FIG. 17 shows a PI (proportional Integral) controller for the control of TMP based upon the commanded Q3, the fluid replacement flow rate. When Q3 is adjusted, Q4 and the setmaxQ4 also have to be adjusted described in FIG. 15 to keep the ultrafiltration rate tracking. Both will affect TMP so the gains of Pterm 1703 and Iterm have to be chosen for stability over the full ranges of TMP. A ratio of Q3 to Q4 resulting from the weight scale controller will be maintained at every sample interval so that when Q3 is reduced the compensated rate for Q4 will also be adjusted. Thus for instance the weight scale controller may determine that the set Q4 motor velocity has to be 1.1 times the set Q3 motor velocity to ensure that the weight scale weight remains constant. Thus if Q3 is reduced by 5% the current velocity of t, Q4 must also be reduced by 5% to ensure that the weight scale mWtTarget 1501 FIG. 15 continues to track.

The TMP controller will work to output maxQ3 as long as the TMP is less than the set TargetTMP 1701. The TMP will be measured as shown in 1710. An error signal is generated by the difference between the TargetTMP 1701 and the measured mTMP 1707. This error 1702 is then fed to a proportional 1703 and integral controller 1704. The integral controller limits the windup of flow to the maxQ3 allowed (200 ml/min) and to the minQ3, 0 ml/min 1704 since no reversals are allowed for the replacement solution pump. The outputs of the proportional and integral controllers are then summed and limited 1705 with the same limits as the integral controller 1704. Q3 is then adjusted the controller CPU 305 sending a command to the motor controller 302 (FIG. 3). The TMP controller will only limit the replacement solution rate if TMP is greater than 600 mmHg. Such a controller is possible because the blood pumps are essentially independent of the replacement solution and ultrafiltrate pumps. They are on separate paths and use separate feedback.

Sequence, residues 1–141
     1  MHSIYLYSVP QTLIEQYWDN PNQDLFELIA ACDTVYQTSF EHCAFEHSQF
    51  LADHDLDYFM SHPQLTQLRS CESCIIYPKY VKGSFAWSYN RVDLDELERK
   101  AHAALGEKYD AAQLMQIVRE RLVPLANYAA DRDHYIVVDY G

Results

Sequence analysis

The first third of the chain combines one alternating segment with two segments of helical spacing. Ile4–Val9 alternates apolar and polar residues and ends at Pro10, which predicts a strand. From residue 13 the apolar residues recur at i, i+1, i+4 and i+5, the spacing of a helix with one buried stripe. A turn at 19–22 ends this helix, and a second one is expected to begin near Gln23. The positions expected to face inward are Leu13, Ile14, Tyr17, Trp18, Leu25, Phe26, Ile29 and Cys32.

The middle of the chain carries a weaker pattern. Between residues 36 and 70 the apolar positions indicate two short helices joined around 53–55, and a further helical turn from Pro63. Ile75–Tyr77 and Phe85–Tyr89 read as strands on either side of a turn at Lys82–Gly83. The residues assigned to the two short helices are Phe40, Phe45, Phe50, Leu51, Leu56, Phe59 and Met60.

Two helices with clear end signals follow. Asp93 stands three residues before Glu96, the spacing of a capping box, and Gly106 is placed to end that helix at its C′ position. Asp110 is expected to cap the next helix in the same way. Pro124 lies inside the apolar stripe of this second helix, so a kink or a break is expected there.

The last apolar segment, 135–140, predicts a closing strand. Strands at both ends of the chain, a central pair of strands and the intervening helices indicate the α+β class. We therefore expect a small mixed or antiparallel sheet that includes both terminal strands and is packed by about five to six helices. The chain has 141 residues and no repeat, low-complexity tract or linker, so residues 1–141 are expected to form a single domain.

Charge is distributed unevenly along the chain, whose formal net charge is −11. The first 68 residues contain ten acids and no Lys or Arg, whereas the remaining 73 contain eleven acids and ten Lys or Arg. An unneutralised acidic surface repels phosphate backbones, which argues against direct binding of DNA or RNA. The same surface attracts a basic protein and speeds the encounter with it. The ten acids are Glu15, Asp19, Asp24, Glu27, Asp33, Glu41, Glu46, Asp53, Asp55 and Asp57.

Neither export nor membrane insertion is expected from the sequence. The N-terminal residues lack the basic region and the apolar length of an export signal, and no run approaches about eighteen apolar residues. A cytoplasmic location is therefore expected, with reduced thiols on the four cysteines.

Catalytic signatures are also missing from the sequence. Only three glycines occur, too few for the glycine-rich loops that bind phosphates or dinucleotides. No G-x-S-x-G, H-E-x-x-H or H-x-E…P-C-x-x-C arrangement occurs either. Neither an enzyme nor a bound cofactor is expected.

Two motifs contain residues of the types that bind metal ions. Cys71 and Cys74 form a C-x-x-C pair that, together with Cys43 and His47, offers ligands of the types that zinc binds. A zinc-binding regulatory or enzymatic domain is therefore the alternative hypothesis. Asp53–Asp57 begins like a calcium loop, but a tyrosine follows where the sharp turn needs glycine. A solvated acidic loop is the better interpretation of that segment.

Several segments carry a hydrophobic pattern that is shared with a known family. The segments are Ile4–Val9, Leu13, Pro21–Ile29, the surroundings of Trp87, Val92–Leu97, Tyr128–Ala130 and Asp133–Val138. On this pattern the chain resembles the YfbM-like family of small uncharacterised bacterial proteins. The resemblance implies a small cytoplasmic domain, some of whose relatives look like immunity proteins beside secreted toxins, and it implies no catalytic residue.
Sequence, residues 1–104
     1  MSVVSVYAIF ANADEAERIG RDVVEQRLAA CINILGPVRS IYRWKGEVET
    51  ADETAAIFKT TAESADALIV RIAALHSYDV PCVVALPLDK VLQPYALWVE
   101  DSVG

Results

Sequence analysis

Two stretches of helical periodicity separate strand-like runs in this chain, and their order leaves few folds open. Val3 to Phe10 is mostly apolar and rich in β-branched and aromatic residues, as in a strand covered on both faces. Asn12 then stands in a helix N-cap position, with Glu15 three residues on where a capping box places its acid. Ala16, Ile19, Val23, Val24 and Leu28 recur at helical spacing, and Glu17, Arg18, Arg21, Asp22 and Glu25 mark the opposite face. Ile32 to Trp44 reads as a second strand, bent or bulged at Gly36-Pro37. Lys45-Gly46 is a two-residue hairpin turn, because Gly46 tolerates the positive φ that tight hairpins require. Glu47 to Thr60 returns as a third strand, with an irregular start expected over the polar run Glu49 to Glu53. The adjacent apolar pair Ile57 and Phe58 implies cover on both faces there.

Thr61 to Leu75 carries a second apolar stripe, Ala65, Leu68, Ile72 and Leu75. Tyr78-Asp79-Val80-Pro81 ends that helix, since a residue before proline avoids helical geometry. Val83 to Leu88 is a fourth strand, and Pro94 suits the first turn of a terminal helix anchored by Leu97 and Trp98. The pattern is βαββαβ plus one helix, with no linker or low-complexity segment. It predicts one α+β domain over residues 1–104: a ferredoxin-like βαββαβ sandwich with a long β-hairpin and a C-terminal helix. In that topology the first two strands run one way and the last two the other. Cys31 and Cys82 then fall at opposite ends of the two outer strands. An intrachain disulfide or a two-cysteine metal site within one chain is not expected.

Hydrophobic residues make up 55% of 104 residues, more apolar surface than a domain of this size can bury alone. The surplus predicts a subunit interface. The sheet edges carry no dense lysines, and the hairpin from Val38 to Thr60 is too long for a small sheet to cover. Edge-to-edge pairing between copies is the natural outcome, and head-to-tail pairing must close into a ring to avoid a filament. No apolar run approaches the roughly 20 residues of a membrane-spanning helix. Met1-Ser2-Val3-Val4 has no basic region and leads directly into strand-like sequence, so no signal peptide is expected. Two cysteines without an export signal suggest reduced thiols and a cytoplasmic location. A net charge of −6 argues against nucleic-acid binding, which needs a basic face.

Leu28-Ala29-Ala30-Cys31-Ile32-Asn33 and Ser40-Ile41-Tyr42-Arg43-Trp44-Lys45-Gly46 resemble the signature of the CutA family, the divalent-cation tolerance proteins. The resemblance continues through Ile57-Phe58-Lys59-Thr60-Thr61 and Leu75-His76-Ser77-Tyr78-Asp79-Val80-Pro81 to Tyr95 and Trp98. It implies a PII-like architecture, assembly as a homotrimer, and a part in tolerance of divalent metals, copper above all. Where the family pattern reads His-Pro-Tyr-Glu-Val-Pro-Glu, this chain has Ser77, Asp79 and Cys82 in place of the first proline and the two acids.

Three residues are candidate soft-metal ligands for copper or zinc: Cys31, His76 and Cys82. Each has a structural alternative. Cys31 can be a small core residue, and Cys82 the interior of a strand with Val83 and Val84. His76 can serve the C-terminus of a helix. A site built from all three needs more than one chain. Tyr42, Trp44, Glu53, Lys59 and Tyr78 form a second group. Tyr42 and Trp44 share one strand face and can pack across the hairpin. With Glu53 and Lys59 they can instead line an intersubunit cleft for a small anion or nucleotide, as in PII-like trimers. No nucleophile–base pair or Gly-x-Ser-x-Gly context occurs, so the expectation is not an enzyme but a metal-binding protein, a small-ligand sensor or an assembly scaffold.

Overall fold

In order to main the correct dilution of contrast to less than 5% of its original level 3 times the volume of the filter used will have to be flushed. Thus if the volume of the filter used were 40 ml, the replacement solution will have to displace 120 ml with an equivalent volume of ultrafiltrate removed before the volume of blood within the filter could be considered diluted.

While the invention has been described in connection with what is presently considered to be the most practical and preferred embodiment, it is to be understood that the invention is not to be limited to the disclosed embodiment, but on the contrary, is intended to cover various modifications and equivalent arrangements included within the spirit and scope of the appended claims.

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Classifications
U.S. Classification604/6.09, 210/416.1, 210/295, 604/5.04, 210/645, 604/6.16, 604/5.01, 210/348
International ClassificationA61M1/34, A61M37/00, B01D61/22, B01D61/14, B01D35/22, C02F1/44, A61M1/36, B01D24/00
Cooperative ClassificationA61M1/3621, A61M1/3431, A61M1/3615, B01D61/145, A61M1/3613, B01D61/22, A61M1/34, A61M1/342
European ClassificationB01D61/14D, B01D61/22, A61M1/36C, A61M1/34E
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Owner name: CHF SOLUTIONS, INC., MINNESOTA